“The Horse”

horseMy Uncle Leon was a mean man.  My mother and grandparents referred to him as, “The Horse.”  Later, after my aunt divorced him, she referred to him that way too. Uncle Leon didn’t believe in talking at the table and, if anyone dared break the silence, he’d snarl, “Dinner’s for eatin’, not talkin’.”  He used to beat my cousin Lonnie savagely with a belt.  My mother once interposed herself between him and Lonnie, declaring that no way she would let a man beat her children like that.  To which he replied, “Well, no way I would have married you, so get out of the way!”

Uncle Leon had polio as a child and walked with a lurch all his life.  This, according to my mother’s family, was what had made him mean – the struggle, the pain, the ensuing bitterness.  I disagree.  To be as mean as Uncle Leon, you had to be born that way. Maybe the fact that he’d grown up on an Oklahoma farm during the Dust Bowl had something to do with it.  Maybe what was good about him got stirred up by the wind and blown away with the topsoil.

Uncle Leon kept a revolver in the glove compartment of his car at all times.  He also made a practise of picking up hitchhikers.  I’ve often wondered what he thought would happen if the hitchhiker made a sudden move towards him.  Reach across and retrieve the gun from the glove compartment?   How would that work exactly? Did he fantasize about picking up a hitchhiker on a lonesome country road and then shooting him or her, just for the Hell of it?

I said he was mean.

After my aunt divorced him, he remarried and became an Evangelical Christian – in other words, double trouble – not only mean, but righteous.  My cousin Lonnie succumbed to lung cancer way too young, leaving instructions that he be cremated and his ashes divided in two – half to be scattered over the family farm and half over the Nascar Raceway – Lonnie was a mechanic who loved cars; people at the raceway had pitched in to help pay for his medical care and he was grateful.  Shortly after his widow received the ‘cremains,’ Uncle Leon paid her an unannounced visit and demanded that the ashes be divided into thirds.  He wanted to scatter a third over his new church’s graveyard so that Lonnie would end up in Heaven, where, presumably, he could beat him some more.  He came prepared.  By which I mean he brought a Pyrex measuring cup. He wanted just so much of what remained of his son.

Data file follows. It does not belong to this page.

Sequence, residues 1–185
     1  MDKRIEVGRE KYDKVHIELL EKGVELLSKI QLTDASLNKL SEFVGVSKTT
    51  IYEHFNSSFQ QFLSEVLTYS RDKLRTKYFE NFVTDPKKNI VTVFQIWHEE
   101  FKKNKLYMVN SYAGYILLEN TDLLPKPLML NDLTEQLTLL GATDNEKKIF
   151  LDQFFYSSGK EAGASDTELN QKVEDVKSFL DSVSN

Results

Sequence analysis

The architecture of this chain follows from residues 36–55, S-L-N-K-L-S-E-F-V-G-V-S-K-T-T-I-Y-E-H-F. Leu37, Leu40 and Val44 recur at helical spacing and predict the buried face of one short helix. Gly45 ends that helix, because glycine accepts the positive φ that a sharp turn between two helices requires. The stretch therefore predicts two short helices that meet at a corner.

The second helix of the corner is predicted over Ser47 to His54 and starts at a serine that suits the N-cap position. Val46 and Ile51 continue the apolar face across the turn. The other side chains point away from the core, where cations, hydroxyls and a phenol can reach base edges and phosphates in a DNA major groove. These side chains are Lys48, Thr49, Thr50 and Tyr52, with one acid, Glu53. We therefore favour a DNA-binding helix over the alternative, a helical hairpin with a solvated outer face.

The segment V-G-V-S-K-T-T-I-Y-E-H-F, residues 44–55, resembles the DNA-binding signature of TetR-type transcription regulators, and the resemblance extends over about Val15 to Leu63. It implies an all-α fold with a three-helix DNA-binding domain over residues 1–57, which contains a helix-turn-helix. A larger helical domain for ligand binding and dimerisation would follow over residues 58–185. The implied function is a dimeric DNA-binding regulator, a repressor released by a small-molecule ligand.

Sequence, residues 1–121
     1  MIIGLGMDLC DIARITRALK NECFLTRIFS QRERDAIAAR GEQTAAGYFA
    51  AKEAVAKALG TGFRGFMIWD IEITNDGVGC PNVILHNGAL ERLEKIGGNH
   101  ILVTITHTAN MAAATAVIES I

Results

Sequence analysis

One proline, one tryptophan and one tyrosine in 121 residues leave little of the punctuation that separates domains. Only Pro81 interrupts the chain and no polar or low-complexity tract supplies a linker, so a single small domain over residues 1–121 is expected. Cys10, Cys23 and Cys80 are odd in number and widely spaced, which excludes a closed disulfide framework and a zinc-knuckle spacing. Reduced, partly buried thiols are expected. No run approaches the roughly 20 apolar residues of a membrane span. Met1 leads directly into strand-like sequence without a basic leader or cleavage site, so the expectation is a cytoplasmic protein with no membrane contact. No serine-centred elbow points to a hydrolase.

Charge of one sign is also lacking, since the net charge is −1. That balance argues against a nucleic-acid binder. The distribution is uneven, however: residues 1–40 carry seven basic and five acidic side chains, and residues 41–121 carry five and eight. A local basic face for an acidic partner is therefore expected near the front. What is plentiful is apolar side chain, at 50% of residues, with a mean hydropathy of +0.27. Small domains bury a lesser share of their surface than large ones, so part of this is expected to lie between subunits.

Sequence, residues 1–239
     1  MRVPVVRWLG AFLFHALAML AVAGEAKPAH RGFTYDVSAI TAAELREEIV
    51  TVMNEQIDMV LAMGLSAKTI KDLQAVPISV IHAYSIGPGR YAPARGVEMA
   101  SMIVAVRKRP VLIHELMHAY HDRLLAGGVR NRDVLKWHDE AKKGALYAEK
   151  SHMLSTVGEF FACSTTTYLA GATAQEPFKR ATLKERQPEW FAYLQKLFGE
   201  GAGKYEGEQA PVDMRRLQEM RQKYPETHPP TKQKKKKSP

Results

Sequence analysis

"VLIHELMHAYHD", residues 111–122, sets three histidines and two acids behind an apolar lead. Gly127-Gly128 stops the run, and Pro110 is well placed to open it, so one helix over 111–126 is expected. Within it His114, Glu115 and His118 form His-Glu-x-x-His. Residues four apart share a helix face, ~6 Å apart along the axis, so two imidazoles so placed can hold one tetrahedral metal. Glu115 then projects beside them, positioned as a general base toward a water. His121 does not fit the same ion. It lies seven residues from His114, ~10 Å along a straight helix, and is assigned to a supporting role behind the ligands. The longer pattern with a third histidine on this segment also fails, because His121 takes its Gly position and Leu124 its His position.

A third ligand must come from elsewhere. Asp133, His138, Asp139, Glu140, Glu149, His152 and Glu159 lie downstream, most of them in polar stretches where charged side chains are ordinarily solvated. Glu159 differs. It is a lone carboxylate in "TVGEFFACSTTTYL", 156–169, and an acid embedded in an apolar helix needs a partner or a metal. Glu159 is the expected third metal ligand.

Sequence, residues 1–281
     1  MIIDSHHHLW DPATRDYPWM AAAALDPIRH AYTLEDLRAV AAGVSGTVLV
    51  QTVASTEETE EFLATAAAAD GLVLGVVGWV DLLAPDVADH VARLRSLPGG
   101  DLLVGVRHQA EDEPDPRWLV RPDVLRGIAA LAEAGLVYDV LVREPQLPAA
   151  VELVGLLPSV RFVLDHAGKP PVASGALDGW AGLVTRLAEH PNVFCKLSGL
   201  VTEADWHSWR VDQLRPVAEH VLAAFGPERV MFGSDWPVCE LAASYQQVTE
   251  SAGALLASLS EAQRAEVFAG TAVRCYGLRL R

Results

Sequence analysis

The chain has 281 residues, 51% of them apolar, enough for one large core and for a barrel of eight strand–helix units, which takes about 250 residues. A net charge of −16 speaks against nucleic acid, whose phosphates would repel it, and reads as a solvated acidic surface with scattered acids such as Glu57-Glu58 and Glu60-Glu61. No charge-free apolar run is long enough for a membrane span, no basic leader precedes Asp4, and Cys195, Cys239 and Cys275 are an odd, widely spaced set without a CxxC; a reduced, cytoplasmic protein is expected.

Uncle Leon died on a treadmill during a stress test and the only thing good I have to say about “The Horse” was that he terrorized my brother and I into good dental hygiene.  Did I mention that he was a dentist?  And trust me, you didn’t dare have a cavity.

Risky Business

What pleasure people get from gambling eludes me. It seems. . . I don’t know . . . risky?

My attitude is partially rooted in my grandmother’s Methodist upbringing.  Her mother kept the curtains closed on the side of the house that faced the neighbours, who whiled away lazy West Texas Sunday afternoons with shameless and wanton card playing.   If that was not bad enough, they also kept chickens.  In town! But I digress.

Gambling seems to me a losing proposition.  Oh, I know, I know. You might win a little something here, a little there, but you’re never going to beat the house.  Everyone who likes gambling knows of someone who won it big, but it wasn’t them.

“Oh, but it’s so exciting! I do it for the thrill.”

Yeah.  The same way zip lines and roller coasters are exciting – shit your pants exciting.  No thank you.  There’s already enough of that going on in casinos.

And what is it about casinos, anyway? Why would anyone in their right mind want to spend a second in a dark, low ceilinged room in a mantle of cigarette smog, next to some old guy in a ripe Depends?  And all those little lights – flashing, flashing.  It’s enough to trigger an epileptic seizure.  And I’m not even an epileptic.

Disembarking from an elevator in Harrah’s in Las Vegas one morning to score a couple of Starbucks lattes, I paused to let paramedics past.  They had a male patient on a stretcher; an ambulance waited  on the curb.  They were coming from the casino.  Well, I thought.  My point exactly.

“You can’t win, if you don’t play!”  The gambler’s mantra.   But it’s not true.  I won once. Big.  And betting had nothing to do with it.  When I was eleven years old, I put a dime in a candy machine . . . and it emptied. The entire machine. What’s more, there was no one else around and, get this, there was also a large empty grocery sack close by.  Needless to say, I bagged my winnings and took off running.

In retrospect, I hope the poor guy who serviced the machine didn’t have the damages taken out of his wages, forcing his family onto the street. At the time, however, I ascribed my windfall to luck.  After all, I had done my part.  I had inserted my dime, expecting nothing more than a single, solitary Snickers bar.  What happened next was nothing less than pure serendipity.

So I’m going to rest on my laurels and not push my luck.  Such bounty is unlikely to come my way again and I’m easy with that.  After all, I have my knitting and, of course, the memories.